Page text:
I think that the task of the twentieth century, particularly after the Holocaust, was to deal with the end of what Hannah Arendt called the idea that humans were sacred. It was a continuation of the problem that Dostoyevsky set: if God is dead, then everything is permitted. So I think that the twentieth century task after that was to reconceive the terms in which we think about the world – quite radically, across all areas of philosophy, so if it’s philosophy of science, epistemology, metaphysics, and political philosophy. By that I mean, in the simplest terms, the idea that the meaning and value in the world isn’t just there. We have to make it, it’s human-originated and we have to take responsibility for it. And that’s quite a radical idea if you’re coming from religious cultures. It is an idea that people find arrogant, perhaps. In political philosophy, John Rawls undertook that task. Of course, it was undertaken in a particular context, and political philosophy, perhaps all philosophy, is best done when it addresses the problems of its time. The practical problem of his time for Rawls, particularly in the United States, but more generally too, was how to reconcile liberty and equality, and later he reframed that as how to reconcile liberty and equality in a context of pluralism. I was very taken with that. There were many different strands feeding into my particular battles. For me, it was how to develop a secular constitutional state, but I found Rawls inspiring. The thing that really was very important for me as a philosopher was his Kantian constructivism in moral theory. That is the shift to seeing ourselves as agents of the law, as agents of the moral law, as well. It’s a Kantian idea that’s been around for several centuries, but it hadn’t been systematically worked through. He used that to generate a methodology, and to generate his resolution to that conflict that is still driving oppositions in American society.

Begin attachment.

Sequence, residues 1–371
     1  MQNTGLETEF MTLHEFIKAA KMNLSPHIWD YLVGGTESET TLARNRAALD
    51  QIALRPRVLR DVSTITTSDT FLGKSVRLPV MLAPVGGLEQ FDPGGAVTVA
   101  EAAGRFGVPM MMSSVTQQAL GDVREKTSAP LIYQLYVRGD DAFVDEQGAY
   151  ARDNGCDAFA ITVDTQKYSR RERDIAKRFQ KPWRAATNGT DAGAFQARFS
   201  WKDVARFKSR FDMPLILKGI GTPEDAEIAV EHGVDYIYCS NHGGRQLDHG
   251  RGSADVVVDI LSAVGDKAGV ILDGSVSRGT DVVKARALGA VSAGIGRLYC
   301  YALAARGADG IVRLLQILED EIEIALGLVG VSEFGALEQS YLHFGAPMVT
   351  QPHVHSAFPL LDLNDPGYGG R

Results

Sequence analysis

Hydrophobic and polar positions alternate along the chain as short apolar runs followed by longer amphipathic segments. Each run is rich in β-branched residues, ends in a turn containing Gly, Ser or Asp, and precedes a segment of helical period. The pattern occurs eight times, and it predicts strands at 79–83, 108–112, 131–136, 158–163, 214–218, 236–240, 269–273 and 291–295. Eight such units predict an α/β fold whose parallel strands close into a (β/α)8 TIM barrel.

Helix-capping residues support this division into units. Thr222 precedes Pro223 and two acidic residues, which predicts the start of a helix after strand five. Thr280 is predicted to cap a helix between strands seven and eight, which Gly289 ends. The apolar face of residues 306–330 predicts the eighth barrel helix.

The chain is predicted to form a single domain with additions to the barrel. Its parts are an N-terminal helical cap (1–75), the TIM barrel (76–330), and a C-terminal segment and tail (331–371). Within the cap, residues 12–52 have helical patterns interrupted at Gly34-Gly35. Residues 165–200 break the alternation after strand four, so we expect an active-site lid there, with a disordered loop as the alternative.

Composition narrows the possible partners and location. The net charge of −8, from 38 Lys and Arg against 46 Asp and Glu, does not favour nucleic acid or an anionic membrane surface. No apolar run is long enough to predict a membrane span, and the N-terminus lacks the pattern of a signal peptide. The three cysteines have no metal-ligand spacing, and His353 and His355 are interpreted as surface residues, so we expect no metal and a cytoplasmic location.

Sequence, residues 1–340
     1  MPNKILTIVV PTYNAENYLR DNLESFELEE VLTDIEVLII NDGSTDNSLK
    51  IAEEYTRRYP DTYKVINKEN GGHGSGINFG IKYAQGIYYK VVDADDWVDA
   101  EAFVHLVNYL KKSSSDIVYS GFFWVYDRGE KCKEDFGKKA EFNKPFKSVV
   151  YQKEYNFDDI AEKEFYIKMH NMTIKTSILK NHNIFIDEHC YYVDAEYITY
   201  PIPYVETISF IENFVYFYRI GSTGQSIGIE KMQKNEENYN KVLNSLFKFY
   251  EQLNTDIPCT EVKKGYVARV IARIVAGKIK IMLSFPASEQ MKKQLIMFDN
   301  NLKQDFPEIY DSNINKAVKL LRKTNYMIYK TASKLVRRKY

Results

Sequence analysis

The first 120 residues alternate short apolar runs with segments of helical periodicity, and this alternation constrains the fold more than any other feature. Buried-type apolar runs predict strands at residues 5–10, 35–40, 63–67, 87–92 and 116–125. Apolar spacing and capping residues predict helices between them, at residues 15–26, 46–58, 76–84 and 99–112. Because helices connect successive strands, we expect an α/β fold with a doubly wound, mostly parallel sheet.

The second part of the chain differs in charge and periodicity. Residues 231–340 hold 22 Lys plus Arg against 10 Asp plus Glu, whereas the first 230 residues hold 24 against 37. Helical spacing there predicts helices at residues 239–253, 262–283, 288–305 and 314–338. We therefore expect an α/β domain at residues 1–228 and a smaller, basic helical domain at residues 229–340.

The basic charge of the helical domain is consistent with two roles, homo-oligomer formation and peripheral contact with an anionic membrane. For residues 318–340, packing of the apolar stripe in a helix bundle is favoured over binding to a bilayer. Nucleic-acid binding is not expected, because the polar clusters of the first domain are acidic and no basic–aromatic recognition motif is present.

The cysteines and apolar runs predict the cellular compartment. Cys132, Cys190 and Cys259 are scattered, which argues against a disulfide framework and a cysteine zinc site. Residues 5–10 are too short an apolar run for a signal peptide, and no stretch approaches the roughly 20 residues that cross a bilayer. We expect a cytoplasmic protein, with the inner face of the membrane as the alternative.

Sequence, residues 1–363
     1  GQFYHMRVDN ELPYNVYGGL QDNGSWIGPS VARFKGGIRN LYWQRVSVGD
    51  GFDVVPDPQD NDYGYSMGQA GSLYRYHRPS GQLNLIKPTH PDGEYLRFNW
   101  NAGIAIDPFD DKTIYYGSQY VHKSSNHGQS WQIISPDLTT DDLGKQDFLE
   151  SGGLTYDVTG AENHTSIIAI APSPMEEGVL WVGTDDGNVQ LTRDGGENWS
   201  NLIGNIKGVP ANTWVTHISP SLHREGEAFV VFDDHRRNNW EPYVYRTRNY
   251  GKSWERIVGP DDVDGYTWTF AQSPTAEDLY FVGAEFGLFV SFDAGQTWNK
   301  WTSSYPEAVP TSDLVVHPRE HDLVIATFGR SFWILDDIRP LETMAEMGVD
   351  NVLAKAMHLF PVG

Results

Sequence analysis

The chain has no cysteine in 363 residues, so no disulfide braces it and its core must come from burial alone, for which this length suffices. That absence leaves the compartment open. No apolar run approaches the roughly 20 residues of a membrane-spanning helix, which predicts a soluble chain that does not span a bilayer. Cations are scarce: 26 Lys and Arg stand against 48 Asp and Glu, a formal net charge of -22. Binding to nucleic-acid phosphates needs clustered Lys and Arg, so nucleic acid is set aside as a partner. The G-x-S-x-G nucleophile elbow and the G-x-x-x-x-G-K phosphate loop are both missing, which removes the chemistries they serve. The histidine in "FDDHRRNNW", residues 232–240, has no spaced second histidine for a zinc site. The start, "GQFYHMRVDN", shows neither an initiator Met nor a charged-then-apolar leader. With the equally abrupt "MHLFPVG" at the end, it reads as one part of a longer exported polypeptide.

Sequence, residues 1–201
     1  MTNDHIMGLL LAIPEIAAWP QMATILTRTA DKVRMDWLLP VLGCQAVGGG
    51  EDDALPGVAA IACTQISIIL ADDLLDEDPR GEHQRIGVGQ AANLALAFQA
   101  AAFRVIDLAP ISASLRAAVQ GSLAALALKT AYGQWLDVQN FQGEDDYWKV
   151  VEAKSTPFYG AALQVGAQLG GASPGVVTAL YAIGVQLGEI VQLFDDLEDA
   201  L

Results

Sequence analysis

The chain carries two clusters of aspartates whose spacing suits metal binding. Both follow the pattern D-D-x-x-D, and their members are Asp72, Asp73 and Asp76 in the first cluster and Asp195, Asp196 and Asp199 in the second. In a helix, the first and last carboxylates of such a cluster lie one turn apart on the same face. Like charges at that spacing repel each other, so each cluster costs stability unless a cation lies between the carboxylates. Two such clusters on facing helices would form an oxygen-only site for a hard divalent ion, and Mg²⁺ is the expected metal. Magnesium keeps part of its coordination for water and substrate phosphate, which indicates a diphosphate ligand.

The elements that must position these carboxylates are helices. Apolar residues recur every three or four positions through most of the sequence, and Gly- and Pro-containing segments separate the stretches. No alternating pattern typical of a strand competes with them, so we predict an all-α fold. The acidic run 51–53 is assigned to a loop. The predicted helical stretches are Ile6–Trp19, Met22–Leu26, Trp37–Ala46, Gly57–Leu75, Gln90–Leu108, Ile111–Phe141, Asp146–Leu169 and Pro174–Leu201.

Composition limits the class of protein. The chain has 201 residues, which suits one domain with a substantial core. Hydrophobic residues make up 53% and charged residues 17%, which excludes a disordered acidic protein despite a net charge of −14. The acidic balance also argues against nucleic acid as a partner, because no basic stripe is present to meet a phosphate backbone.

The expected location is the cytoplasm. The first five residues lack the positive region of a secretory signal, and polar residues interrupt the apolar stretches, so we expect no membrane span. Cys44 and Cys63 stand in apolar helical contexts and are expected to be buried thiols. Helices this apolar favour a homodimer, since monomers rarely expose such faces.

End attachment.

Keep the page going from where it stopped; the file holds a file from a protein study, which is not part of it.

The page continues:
Liberty, for me, is a matter of liberal equality – it’s fundamental. Whereas, if you start with equality as fundamental – you can have equality in an authoritarian regime – so, if you like, my problem would be how to develop autonomy against authoritarianism. Authoritarianism is very strong in many societies. It’s very difficult to eradicate. I always liked the Rousseau/Kant idea that basically humans should live under no law but one they’ve made themselves. The underlying thought is that there is no moral value to doing the right thing because some authority, even a divine being, told you so. What makes it worthwhile is that you initiate the right action yourself. So, the making of the law oneself has been very central to me and to my way of understanding the construction of rights. My understanding of liberalism is that we’re on our own, and even if we are not, we have to construct a decent society together with others and for Hobbesian and not prior moral reasons.